FCPA Risks and Acquisition Integration Challenges
Chief compliance officers have devoted significant efforts to conducting pre-acquisition due diligence of a proposed target companies. I do not intend to diminish the importance of pre-acquisition due diligence, but I have noticed companies are increasing attention to post-acquisition integration planning and execution.
There is no question that disruption in the integration process can be very harmful to the overall success of an acquisition. Companies that acquire companies and fail to focus on the integration process are likely to suffer real and significant bottom line reductions. On the other hand, those companies that devote attention and effort to integrate new companies and assets can maximize gains over their competitors.
Compliance officers have to use the integration process as a significant opportunity to build internal relationships with their companies. By engaging in a comprehensive integration process the compliance officer can identify issues early in the process, work closely with the business to understand their operations and form important strategies and buy in for compliance issues.
In my experience, I have seen some common practices for effective integration procedures:
- A responsible committee with a designated chair or co-chairs: An integration committee should be established early in the acquisition process. The members should include a representative from every function. A chairperson or co-chairs should be appointed by senior management to run the committee. Members should design specific tasks and create timelines for assignments in their respective responsible areas. The chairperson(s) should report regularly to senior management. The more time and effort devoted will reap more effective results.
- The scheduling of regular integration planning meetings. The integration committee should meet weekly so that tasks are monitored and assigned as needed. Each member should understand his or her responsibilities and should be held accountable for their tasks.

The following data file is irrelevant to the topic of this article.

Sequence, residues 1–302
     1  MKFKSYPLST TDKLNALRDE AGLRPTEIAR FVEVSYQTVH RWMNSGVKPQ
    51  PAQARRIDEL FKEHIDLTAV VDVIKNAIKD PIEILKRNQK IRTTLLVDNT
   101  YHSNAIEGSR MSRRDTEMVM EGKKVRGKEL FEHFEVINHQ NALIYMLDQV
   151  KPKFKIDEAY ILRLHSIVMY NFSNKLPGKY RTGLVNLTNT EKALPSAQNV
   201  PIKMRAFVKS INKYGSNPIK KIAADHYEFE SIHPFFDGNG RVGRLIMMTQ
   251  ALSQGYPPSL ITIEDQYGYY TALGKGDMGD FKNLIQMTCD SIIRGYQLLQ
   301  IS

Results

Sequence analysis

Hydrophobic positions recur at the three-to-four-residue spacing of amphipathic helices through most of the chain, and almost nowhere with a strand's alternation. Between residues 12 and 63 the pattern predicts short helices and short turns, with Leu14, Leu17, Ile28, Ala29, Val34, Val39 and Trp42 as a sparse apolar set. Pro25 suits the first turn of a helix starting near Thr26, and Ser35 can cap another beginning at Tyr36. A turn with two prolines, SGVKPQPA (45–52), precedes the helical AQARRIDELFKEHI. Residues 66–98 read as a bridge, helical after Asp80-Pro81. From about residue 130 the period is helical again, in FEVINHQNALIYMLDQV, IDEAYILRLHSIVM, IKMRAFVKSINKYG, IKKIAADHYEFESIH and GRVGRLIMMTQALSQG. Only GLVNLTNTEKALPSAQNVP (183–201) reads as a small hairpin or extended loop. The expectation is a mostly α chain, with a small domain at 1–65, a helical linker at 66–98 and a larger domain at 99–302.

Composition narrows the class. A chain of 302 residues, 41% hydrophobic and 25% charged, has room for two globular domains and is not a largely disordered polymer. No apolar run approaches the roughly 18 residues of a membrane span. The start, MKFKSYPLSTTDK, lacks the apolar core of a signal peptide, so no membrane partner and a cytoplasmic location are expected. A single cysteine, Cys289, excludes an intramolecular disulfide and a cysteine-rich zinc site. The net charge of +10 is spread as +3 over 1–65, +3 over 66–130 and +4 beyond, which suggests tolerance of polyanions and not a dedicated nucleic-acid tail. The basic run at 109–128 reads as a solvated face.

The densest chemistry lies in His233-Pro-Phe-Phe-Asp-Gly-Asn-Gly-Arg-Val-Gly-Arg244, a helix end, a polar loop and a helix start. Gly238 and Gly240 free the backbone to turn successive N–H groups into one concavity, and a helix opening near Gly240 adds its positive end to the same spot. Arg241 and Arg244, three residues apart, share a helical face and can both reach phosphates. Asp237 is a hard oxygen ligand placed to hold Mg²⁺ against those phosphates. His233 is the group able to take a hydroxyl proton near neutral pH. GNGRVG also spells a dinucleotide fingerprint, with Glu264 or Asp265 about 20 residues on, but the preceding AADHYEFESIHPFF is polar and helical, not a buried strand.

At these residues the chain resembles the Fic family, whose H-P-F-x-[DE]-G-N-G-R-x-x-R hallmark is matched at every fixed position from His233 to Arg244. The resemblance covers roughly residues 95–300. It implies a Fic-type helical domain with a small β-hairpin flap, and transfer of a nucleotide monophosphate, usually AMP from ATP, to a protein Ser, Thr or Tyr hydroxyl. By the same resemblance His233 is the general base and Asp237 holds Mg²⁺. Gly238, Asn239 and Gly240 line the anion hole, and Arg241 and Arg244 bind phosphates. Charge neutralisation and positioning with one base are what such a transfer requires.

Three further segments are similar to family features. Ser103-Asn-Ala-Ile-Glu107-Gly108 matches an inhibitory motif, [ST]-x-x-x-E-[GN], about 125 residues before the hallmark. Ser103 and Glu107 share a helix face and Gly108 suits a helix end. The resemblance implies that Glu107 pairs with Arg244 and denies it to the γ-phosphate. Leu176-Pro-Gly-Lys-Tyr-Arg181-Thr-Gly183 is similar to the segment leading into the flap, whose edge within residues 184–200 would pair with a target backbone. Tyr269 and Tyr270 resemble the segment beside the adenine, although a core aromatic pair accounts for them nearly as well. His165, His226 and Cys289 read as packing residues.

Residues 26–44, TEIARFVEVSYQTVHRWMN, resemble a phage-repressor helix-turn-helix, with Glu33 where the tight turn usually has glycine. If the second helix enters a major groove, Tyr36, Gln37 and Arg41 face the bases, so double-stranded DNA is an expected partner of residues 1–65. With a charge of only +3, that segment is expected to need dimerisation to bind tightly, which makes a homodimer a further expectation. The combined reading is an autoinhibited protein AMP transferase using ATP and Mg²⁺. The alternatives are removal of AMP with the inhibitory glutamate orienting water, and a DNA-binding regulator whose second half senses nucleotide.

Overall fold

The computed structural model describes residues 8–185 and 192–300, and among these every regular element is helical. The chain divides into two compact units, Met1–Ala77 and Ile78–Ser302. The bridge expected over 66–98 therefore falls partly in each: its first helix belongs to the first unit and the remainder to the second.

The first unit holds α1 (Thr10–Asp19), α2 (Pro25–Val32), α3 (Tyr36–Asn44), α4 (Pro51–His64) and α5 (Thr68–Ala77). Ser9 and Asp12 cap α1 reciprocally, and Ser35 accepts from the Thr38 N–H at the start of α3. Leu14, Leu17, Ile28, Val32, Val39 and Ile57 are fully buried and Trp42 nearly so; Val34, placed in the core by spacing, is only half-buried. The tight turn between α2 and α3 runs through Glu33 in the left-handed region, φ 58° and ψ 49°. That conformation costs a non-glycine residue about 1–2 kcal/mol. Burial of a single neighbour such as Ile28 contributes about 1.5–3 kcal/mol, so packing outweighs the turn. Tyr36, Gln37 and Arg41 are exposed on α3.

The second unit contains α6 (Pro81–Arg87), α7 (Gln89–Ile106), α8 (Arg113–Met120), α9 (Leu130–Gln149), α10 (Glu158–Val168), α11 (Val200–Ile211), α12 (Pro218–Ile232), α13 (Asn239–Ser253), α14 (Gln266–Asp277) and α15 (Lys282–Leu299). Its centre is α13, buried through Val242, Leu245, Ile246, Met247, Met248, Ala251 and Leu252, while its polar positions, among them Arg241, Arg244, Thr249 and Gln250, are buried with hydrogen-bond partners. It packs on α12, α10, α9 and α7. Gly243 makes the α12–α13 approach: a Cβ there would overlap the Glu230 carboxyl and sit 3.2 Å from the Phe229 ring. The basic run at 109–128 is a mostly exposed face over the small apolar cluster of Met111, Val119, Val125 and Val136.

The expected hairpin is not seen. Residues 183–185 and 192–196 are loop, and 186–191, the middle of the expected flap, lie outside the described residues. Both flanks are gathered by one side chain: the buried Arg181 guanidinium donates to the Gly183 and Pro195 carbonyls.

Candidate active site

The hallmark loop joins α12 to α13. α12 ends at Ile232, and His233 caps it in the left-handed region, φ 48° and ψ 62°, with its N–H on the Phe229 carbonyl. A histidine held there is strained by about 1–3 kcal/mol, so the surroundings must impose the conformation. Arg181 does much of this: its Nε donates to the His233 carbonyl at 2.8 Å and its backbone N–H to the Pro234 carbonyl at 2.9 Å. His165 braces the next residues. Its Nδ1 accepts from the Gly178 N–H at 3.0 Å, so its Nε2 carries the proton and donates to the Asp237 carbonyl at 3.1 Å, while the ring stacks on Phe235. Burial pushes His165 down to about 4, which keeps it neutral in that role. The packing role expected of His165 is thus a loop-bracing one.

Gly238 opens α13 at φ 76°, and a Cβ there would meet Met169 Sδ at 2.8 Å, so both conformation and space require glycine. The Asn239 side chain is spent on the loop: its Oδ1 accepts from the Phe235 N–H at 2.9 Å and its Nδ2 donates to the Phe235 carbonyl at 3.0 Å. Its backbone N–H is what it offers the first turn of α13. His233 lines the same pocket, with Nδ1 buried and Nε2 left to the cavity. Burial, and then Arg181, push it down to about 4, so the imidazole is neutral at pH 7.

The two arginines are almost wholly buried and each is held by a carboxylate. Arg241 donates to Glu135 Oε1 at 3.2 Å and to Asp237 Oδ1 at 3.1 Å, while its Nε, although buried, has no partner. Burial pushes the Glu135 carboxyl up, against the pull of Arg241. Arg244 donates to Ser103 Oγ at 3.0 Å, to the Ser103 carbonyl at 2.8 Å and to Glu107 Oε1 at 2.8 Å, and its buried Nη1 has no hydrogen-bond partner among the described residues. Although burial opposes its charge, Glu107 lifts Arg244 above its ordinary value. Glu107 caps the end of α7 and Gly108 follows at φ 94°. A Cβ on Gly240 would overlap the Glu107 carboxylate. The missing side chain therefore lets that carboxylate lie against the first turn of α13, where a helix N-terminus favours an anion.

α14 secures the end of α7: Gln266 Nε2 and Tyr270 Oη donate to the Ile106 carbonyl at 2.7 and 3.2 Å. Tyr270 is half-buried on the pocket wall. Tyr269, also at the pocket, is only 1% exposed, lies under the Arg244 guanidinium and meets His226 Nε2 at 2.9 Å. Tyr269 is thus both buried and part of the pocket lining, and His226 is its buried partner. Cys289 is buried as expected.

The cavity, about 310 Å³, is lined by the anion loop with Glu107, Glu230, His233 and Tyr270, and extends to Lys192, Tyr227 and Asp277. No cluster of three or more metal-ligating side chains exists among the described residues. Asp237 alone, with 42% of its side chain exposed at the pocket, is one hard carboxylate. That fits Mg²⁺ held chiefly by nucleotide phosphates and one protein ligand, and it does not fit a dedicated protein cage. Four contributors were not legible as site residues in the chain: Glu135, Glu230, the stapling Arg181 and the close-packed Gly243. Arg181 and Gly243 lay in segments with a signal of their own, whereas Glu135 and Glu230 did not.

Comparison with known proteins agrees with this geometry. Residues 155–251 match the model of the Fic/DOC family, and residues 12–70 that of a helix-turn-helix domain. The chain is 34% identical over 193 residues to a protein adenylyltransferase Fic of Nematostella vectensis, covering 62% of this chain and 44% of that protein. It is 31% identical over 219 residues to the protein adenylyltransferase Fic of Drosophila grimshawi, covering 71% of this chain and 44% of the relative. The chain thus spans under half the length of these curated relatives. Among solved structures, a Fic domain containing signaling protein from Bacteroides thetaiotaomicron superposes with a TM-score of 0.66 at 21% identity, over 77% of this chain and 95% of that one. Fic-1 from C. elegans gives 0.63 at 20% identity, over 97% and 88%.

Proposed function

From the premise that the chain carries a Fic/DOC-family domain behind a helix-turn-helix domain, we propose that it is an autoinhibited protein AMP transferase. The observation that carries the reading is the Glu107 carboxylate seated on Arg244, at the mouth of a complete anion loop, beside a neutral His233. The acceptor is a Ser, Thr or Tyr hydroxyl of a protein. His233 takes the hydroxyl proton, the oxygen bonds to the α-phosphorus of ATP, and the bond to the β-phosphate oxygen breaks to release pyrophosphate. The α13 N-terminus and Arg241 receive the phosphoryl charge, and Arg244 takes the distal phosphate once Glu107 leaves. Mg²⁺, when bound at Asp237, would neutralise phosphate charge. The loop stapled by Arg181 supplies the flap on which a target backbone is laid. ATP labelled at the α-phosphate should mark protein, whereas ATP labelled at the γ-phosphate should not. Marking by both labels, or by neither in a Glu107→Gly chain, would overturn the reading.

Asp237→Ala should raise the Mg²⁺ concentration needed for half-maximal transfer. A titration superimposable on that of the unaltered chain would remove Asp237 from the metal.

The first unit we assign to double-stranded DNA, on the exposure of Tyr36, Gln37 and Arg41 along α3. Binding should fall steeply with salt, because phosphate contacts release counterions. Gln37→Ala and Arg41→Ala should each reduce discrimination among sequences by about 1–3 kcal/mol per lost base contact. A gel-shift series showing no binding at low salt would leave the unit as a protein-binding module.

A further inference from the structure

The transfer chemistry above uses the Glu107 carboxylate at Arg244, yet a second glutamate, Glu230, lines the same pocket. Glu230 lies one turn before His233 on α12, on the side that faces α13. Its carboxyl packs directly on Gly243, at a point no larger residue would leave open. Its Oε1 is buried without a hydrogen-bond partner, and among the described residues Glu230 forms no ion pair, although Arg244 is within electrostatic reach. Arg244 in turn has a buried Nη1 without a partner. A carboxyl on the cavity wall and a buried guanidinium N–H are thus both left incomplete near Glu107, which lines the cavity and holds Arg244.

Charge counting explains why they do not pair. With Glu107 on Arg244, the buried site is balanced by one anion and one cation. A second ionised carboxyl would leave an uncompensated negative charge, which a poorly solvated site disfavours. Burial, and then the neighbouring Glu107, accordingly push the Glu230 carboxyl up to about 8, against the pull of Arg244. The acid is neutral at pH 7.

- Detailed timelines and schedules for completing tasks. A master timeline or project map should be maintained so that overall progress can be measured and issues identified early in the process.
The success of an integration committee often depends on the chairperson(s). A company should designate a senior executive who has strong management and collaboration skills. The integration process is critical to a seamless transition for new company operations and employees.
A chief compliance officer has to plan for integration of new employees, third parties and critical compliance functions. Initially, CCOs will focus on training of the new company personnel, and onboarding of new employees. Many CCOs will visit new company sites and conduct in-person training to maximize the opportunity to promote a new compliance program to the employees. It is an important opportunity to advance a company’s compliance program to the new company.
CCOs also should conduct an anti-corruption audit of the new company after closing. Pre-acquisition due diligence is important but often is not detailed enough to verify the absence of bribery. A post-acquisition audit should be conducted soon after the closing to ensure that no bribery is occurring or that unaddressed significant corruption risks exist.
In many cases, senior executives can play a critical role in emphasizing the importance of ethics and compliance to the new company employees. Employees at the acquired company are often anxious or excited about new ownership and CCOs should recognize quickly the prevailing concerns among the new employees. CCOs usually can build on this initial meeting to reassure the new company employees and establish open lines of communication to address their concerns.